Why Cable Business News Will Push Your Investment To The Ground

The Ground

Why Cable Business News Will Push Your Investment To The Ground : Where I used to work, we played MSNBC, CNBC, and CNN Business in the background non-stop. Every market movement relevant to the energy market is followed, analyzed and regurgitated on the channel.

For the oil trading desk where I work, every threat of an Iranian oil embargo, every possible piracy off the coast of Somalia, every Nigerian riot, will send traders away in a flurry of activity.

Back in 2007, oil was trending to infinity and beyond, and everyone was in a good mood. I don’t know about now. But what I mean here is, this type of reporting is good and useful.

For a merchant.

But you’re not a merchant, right? You don’t trade Forex or options for a living, do you? Because if you are an investor – and I define an investor as someone who holds investment instruments for the medium to long term, then OFF TV. They are worse than useless. They are very detrimental to your investment portfolio.

Business reporting business, like ordinary media, like a stage. There is a cast of characters. They played their part to a T, and they didn’t improvise. The network itself is a self-serving media engine powered for one reason and one reason only: to make a profit. The next time you see Maria Bartiromo, Erin Bennett or Becky Quick, you need to know who’s paying their bills.

Advertisers, usually financial services companies who fill this 10-20 second slot right after they tell you they will be “back soon”. And who do they return to after the commercial break? Oh didn’t you know, it’s the internal economist/strategic/analyst of those companies.

Do you see what I see here? I see an irreconcilable conflict of interest. I see many guests coming to the event with a very clear agenda to promote a certain style of investing, a sector in which they are experts (and happen to be doing business).

His intentions aren’t necessarily malicious, but it does give a bit of a gag command to the interview itself. After all, if a dispute arises, how far can an anchorman continue to challenge the position of their guest, knowing full well that their spouse is paying part of his salary.

And then there are the anchors that have you scratching your head. These are the personalities who would be better off working the Chicago Options Exchange hole. Because they seem to screw up their responsibility to cover useful business and economic analysis, by pulling hourly trading tricks off the hat.

Lastly, there are the experts themselves. Now considering these are rational and intelligent analysts and economists who have swam against the tide and are now finally justified. They came to the event with a few things to sell.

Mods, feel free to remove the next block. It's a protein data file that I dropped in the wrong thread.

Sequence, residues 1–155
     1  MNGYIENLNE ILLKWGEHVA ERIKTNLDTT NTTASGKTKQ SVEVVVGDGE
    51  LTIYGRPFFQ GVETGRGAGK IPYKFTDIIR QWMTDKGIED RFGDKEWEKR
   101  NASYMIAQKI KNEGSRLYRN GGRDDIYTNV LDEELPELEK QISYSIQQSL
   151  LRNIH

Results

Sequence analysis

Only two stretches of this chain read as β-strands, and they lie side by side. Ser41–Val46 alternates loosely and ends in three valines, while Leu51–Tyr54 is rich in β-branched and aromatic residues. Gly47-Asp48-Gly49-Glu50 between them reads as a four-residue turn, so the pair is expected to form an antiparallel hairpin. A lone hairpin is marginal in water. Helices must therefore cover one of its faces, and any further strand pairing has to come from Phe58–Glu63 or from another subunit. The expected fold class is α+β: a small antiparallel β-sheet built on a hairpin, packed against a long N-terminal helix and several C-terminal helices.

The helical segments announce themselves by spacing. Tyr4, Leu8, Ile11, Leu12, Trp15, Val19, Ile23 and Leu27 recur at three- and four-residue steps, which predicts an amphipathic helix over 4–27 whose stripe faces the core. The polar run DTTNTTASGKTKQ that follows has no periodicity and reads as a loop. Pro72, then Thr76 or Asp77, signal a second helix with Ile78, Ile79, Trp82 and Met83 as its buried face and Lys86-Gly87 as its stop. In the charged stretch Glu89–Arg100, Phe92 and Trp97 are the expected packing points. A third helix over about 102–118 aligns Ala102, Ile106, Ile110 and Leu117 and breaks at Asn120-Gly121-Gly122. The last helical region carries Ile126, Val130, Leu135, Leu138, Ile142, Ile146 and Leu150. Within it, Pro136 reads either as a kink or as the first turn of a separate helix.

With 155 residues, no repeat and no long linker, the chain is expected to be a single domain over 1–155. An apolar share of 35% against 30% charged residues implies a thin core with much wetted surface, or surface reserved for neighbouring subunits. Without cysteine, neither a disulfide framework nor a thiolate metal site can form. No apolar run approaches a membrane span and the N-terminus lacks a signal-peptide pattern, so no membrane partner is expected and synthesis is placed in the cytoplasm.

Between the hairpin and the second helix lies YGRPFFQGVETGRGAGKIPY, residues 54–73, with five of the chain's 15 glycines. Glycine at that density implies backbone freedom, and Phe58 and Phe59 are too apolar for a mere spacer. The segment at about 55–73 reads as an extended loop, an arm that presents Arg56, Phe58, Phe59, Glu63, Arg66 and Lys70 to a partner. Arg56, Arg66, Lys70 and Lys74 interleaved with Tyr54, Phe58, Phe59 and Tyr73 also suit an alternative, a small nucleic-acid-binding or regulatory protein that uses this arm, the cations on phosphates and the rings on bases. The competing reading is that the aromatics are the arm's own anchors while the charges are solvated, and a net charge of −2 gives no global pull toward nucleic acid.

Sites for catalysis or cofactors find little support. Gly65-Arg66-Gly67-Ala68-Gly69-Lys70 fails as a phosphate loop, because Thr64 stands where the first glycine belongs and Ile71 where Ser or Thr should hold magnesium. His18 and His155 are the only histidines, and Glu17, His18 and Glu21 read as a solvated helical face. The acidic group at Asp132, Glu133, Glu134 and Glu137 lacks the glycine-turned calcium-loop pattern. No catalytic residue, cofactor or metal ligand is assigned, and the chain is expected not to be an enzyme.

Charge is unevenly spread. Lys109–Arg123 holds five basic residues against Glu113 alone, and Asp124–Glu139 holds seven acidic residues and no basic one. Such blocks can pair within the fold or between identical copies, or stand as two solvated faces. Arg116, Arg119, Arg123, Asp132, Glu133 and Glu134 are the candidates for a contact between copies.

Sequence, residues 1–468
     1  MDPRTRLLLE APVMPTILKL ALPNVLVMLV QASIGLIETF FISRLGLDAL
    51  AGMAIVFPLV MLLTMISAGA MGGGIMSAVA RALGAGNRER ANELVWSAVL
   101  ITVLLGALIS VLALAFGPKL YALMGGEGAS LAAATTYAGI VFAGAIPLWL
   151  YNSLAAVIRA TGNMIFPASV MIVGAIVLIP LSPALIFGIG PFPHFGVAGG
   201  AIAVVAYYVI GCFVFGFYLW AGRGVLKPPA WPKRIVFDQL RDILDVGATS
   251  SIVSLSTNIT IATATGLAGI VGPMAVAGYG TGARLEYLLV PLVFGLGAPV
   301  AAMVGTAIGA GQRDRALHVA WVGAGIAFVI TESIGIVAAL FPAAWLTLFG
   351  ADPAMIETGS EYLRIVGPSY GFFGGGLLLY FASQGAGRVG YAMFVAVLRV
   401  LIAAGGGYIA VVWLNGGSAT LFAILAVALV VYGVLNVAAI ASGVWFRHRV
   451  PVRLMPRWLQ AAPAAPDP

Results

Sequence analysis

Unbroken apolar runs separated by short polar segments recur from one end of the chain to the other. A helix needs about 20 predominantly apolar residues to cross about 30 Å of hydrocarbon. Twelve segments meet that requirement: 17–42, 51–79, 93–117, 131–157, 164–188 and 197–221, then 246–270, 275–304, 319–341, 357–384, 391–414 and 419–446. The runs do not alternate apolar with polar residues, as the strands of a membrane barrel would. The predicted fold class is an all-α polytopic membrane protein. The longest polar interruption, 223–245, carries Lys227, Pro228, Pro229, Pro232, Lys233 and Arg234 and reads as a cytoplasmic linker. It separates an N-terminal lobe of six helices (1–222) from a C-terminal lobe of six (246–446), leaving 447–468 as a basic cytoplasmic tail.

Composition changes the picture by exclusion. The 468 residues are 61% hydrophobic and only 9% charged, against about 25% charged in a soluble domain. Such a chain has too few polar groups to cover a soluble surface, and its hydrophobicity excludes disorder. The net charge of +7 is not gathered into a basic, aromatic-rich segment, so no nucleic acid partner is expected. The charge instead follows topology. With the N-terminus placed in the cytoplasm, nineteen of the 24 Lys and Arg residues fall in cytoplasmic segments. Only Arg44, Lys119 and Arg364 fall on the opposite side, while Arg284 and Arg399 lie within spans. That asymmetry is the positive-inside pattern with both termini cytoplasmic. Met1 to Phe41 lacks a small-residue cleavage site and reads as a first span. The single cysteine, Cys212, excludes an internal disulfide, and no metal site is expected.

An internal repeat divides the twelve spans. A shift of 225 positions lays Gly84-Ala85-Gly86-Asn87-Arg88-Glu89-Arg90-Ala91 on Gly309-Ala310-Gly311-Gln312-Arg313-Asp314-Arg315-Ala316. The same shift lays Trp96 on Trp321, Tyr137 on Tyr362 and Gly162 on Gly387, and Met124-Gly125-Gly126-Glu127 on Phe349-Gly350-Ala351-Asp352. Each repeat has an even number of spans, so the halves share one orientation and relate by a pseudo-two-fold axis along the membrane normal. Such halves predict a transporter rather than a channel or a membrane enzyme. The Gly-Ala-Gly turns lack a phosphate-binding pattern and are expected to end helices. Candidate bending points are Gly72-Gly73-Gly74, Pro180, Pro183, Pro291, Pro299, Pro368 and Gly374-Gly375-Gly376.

What happened? First, there’s good research showing that (more often than not) no, one year of right view is usually not followed by another. So statistically speaking, the famous genius you are watching on screen will probably be wrong in whatever he stands for right now.

Second, the problem of ego. Imagine if you were an academic who had been writing a paper about some obscure anomaly in the market or impending doom for years, floundering in relative obscurity.

Proven suddenly, exalted to rock star, touted on cable news as a sage, paraded through conferences like a peacock, what effect does this have on the egos of ordinary people? They may be geniuses, but they are still egocentric like everyone else, right?

Then it is easy to see how they can be influenced by the newfound fame, attention, influx of respect and adoration. Not wanting to disappoint, or simply being driven by stubbornness to keep being right, it’s no wonder that success in market predictions is rarely repeated, year after year.

So with all of this: Conflicts of interest, confusing role play, driven by giant egos. Wouldn’t it be better if you turned off the cable news? Take FT or WSJ, learn classic investing. There is more than enough sense out there to keep your money safe.

The Investoralist is a blog that explores the basic principles of investing in today’s media-obsessed, amnesiac and voice-driven world. Instead of focusing on the technical aspects of securities analysis, we try to uncover the confluence of factors that have frustrated and confused many investors, and provide meaningful discussions based on a holistic view of the macro-investing environment.

Investoralists emerge when founders tire of the inaccurate, irrelevant, and often contradictory information that business media networks provide. As a passive investor himself, he feels underserved by the one-sided and microscopic analysis that leads many investors astray.